Exit costs when refinancing

By December 20, 2018Refinancing
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Refinancing can be a great way to save money if you believe you are paying too much for your loan, but there is more to it than just finding a loan with a lower interest rate and making the change. Before making the switch, ensure the savings you could make outweigh the fees involved. Here are the different exit costs to consider:

Exit fee

Although loans taken out after 1 July 2011 are not subject to deferred establishment, or exit fees, those taken out prior may still be. Also known as ‘early termination’ or ‘early discharge’ fees, they can sometimes be paid by your new lender but are normally applied to an early contract exit.

Establishment fee

Also known as ‘application’, ‘up-front’ or ‘set-up’ fees, these cover the lender’s cost of preparing the necessary documents for your new home loan. They are payable on most new loans (unless you take a packaged loan), and the alternative to not paying this particular fee is being charged higher ongoing fees for the life of the loan.

Mortgage discharge fee

Covering your early legal release from all mortgage obligations, this fee is not to be confused with an exit fee. Also known as a ‘settlement’ or ‘termination’ fee, its purpose is to compensate your lender for the revenue it may lose due to the contract break.

Lender’s mortgage insurance (LMI)

The non-transferrable premium means that if you hold less than 20 per cent equity at the time of your refinance, you may have to pay LMI even if you paid it on the original loan. Extra care is also needed here because, whether or not you hold 20 percent of the original valuation of the property, you may not if the property’s value has decreased and; while LMI may not have been a consideration at all in the original loan, it may be payable on the refinance.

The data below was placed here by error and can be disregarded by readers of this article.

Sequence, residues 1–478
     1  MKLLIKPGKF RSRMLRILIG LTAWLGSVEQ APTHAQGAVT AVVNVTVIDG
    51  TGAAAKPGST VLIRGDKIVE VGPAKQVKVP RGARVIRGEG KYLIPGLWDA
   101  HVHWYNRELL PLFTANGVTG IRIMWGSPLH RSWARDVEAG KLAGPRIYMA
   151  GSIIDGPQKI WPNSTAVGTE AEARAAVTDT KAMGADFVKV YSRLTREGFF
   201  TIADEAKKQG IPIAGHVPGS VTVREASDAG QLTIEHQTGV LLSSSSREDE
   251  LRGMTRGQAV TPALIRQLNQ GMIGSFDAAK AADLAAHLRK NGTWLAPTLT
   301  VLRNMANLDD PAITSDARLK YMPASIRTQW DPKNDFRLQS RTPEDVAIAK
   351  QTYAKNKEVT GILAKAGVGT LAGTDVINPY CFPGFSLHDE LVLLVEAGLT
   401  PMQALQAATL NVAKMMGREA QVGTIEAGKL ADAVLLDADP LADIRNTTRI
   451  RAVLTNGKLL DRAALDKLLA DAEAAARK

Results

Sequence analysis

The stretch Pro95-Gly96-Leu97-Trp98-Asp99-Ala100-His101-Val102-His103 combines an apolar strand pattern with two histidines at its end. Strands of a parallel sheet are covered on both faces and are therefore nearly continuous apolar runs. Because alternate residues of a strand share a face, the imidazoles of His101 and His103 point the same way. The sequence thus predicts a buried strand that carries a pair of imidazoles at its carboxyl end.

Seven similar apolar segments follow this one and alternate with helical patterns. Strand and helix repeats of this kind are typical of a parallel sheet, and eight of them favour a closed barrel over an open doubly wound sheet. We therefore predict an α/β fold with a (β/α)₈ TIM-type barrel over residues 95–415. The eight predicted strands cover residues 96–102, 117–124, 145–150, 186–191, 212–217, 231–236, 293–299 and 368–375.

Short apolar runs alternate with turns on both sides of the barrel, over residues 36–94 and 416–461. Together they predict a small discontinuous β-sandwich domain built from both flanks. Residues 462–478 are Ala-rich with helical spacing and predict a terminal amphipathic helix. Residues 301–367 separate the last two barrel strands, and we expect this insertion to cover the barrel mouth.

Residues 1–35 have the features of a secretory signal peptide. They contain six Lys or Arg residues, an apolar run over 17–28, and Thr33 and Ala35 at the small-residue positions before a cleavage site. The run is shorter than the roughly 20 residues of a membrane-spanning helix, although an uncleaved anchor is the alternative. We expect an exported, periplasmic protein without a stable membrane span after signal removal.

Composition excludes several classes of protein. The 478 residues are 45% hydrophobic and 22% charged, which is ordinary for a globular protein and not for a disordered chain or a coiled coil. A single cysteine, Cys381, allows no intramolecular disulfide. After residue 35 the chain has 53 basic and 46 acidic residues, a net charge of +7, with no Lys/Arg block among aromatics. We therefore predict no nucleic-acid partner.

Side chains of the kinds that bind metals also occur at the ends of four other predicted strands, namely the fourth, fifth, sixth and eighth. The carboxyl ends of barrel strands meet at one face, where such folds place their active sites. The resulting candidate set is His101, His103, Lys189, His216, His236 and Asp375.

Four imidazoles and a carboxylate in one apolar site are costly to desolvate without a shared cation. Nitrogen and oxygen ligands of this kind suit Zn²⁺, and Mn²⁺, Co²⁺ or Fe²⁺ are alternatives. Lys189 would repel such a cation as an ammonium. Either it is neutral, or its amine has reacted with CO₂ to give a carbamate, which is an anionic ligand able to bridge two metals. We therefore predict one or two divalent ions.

Stamp duty

If your purpose for making the switch is to increase your loan amount, for example to fund renovations, then stamp duty will apply only to the difference between the original loan amount and the refinanced loan amount. Different rules apply in different states, so it’s worth speaking to your broker to see if this charge applies.

Other government charges

Fees are applied for the registration and deregistration of a mortgage so that all claims on a property can be checked by any future buyers. Varying from state to state, these can potentially add up to $1000 or more.

Break fee

If you were on a fixed rate loan, your lender is likely to charge you a fee for ‘breaking’ out of the loan term. This fee varies depending on the amount owed, the interest rate you were locked into, the current interest rate and the duration of your loan.

Broker Clawback Protection Fee

This is a fee imposed by the individual broker in the instance that you pay out, refinance or close your loan that they have assisted with, and obtained a commission for. It is to protect the commercial viability of the brokerage to ensure they can offer you a low or no upfront fee model for their advice, and the origination of your finance. This fee must be disclosed upfront, and again at the time of engagement via your Quote document. It is payable under the NCCP Act whereby a broker incurs a “Commission Clawback” from the lender your finance was arranged through.


Although some of these fees can be negotiated by a broker, the total cost of refinancing can be substantial. SFE Loans can ensure that refinancing will help you achieve your goals while maintaining your capacity to service the debt. We can also ensure you are only paying the relevant fees for your unique circumstance.

Currently there are some substantial “cash back” offers available for refinancing clients, with multiple lenders.

Contact us today or download our free Refinancing E-Book for more information!


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